Sir Keir Starmer, the head of the Labour Party, is under growing pressure to endorse pleas for a Gaza ceasefire, following the resignation of one of his frontbench MPs on Tuesday.
Imran Hussain, representing Bradford East and serving as Labour’s Shadow Minister for Levelling Up, announced his departure, citing an inability to align with his party’s position on the matter.
I want to be able to strongly advocate for a ceasefire, as called for by the UN General Secretary. In order to be fully free to do so, I have tonight stepped down from Labour's Frontbench.
My letter below: pic.twitter.com/u47KMVNhxt
— Imran Hussain MP (@Imran_HussainMP) November 7, 2023
Hussain’s departure has highlighted internal divisions within the Labour Party on matters concerning the conflict in Gaza. However, Stephen Pound, a former frontbencher and Labour’s Shadow Minister for Northern Ireland, emphasized that no political party in a democracy maintains absolute unity on every issue. Pound, who supports Sir Keir Starmer, acknowledged the existence of diverse views within the party and cautioned against expecting uniformity.
The issue of a potential ceasefire in Gaza has also stirred tensions between Downing Street and the Metropolitan Police ahead of a pro-Palestinian protest march planned in London over the weekend. Rishi Sunak engaged with London’s Metropolitan Police Commissioner, Sir Mark Rowley, who has refused to ban the march scheduled to take place after Armistice Day commemorations.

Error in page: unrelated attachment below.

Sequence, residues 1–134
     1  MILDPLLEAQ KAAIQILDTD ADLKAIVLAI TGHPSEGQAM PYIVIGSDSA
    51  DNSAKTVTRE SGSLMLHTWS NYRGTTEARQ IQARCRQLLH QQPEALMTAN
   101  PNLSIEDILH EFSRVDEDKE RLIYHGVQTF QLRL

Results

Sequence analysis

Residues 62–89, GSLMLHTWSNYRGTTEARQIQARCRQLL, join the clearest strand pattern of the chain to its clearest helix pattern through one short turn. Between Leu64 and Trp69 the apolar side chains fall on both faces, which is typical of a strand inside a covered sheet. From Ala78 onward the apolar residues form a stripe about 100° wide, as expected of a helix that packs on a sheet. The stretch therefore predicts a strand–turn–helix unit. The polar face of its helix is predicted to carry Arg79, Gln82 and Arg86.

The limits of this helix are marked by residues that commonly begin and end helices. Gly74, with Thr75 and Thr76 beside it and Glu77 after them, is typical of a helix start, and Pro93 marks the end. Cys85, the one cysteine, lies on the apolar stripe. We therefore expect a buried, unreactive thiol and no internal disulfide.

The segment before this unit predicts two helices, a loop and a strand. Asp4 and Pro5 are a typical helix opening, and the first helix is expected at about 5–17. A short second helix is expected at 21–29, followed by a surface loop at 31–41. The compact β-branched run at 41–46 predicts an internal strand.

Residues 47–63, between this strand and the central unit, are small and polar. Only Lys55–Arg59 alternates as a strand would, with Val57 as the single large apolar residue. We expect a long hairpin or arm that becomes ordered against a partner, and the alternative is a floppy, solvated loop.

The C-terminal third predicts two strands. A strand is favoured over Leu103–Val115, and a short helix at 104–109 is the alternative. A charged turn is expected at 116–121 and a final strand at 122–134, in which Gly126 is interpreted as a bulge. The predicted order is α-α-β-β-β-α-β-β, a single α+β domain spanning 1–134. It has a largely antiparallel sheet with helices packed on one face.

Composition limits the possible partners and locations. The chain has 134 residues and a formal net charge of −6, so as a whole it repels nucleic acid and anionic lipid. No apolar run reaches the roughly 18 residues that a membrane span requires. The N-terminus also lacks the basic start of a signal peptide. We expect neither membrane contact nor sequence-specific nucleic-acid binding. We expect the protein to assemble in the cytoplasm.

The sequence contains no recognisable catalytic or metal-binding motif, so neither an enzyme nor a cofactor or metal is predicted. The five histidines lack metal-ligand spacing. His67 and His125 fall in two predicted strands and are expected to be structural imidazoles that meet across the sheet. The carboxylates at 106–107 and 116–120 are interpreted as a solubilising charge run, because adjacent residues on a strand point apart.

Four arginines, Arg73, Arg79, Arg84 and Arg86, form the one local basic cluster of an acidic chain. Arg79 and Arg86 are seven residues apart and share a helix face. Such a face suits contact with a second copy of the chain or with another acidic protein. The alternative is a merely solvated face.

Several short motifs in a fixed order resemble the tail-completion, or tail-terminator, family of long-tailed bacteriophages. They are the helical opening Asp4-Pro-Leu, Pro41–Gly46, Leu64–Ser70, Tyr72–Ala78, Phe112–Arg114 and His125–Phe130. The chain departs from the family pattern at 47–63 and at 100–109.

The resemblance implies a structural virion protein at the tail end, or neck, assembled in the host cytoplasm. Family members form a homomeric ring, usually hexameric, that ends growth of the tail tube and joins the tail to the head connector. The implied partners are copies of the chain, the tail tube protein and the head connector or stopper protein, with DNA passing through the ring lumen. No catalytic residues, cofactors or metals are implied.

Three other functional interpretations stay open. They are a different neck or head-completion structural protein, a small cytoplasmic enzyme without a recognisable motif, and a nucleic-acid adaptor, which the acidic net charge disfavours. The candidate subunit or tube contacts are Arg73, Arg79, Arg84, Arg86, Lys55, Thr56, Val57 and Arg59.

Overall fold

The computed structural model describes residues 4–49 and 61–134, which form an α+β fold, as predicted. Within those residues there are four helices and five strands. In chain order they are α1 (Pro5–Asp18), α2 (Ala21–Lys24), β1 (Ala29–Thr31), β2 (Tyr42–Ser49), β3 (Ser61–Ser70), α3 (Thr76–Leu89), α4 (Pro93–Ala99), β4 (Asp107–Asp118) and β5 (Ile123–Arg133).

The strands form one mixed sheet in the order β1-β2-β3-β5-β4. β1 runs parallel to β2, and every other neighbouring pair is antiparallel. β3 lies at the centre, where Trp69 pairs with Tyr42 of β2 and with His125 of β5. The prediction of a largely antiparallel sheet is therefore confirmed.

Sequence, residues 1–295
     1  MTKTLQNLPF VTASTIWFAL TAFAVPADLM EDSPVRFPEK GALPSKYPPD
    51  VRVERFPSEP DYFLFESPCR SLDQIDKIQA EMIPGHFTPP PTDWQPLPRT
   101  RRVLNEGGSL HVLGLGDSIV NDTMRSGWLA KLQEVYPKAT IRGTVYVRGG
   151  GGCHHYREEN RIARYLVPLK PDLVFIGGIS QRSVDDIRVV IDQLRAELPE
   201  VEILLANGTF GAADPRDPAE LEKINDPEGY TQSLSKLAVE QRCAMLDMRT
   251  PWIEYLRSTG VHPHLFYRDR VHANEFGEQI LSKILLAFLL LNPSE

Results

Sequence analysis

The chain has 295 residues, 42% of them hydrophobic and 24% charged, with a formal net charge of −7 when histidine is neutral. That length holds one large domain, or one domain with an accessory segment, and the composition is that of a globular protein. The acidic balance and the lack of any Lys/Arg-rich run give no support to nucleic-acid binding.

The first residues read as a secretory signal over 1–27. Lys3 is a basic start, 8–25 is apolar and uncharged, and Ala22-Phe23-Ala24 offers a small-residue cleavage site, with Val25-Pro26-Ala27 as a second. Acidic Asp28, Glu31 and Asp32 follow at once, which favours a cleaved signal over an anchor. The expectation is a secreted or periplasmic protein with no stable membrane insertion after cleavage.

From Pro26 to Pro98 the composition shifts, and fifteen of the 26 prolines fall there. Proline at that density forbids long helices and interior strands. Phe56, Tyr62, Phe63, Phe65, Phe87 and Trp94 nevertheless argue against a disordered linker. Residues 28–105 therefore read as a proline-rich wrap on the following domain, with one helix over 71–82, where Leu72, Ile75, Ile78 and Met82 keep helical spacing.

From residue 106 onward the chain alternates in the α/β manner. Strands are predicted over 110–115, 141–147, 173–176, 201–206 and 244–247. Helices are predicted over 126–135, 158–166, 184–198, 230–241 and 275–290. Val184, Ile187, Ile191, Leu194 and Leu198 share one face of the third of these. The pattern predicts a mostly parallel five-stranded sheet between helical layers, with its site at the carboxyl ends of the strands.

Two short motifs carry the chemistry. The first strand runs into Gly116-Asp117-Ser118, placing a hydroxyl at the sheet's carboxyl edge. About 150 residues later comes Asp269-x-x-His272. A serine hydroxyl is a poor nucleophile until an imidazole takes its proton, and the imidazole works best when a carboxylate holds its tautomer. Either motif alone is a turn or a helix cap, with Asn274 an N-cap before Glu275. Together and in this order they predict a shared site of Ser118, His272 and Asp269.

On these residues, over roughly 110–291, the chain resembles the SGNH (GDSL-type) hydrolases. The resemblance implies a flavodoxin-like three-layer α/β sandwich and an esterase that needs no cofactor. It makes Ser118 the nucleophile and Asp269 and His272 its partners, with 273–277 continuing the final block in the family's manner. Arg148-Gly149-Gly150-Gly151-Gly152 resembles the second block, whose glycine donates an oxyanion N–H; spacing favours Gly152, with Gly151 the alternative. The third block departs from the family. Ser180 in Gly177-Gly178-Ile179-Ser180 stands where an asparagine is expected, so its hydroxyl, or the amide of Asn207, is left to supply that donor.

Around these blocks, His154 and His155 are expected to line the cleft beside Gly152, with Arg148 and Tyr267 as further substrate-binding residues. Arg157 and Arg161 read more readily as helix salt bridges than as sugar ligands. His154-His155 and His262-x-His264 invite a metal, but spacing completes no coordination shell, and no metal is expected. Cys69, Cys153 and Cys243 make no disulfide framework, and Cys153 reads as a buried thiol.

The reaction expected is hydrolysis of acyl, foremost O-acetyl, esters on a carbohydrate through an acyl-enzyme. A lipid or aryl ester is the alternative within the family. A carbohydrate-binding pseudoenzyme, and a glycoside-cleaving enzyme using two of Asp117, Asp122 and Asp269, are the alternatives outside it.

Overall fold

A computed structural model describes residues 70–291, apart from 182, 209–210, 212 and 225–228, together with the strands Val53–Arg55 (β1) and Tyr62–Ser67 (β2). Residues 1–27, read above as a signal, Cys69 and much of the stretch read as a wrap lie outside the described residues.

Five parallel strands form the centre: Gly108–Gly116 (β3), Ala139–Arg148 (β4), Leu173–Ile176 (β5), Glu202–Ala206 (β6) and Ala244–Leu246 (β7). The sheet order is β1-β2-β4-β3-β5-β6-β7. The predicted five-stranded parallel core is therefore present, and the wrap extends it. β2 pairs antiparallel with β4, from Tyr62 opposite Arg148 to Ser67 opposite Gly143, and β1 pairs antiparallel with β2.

Rowley, after discussions with the organizers, asserted that the march did not meet the criteria for being prohibited. This decision has led to a strained relationship between the police and the government. Leroy Logan, a former Superintendent in the Metropolitan Police, emphasized the importance of maintaining an independent justice system, expressing concern over any attempts by the government to influence the decisions of police chiefs.
Stephen Pound downplayed the effectiveness of street protests, stating that a march would not bring about practical changes. He argued that the focus should be on providing humanitarian aid and offering prayers for those affected in Israel and Gaza. Pound dismissed the idea of a one-sided ceasefire, stating that negotiation with Hamas, given their foundational principles, is unlikely.
Pound, who has visited the Israel-Palestine region multiple times and witnessed the persecution of Christians, urged for a more constructive approach. He emphasized the need for humanitarian aid and prayers, stating that street protests would not make a significant difference in the complex situation.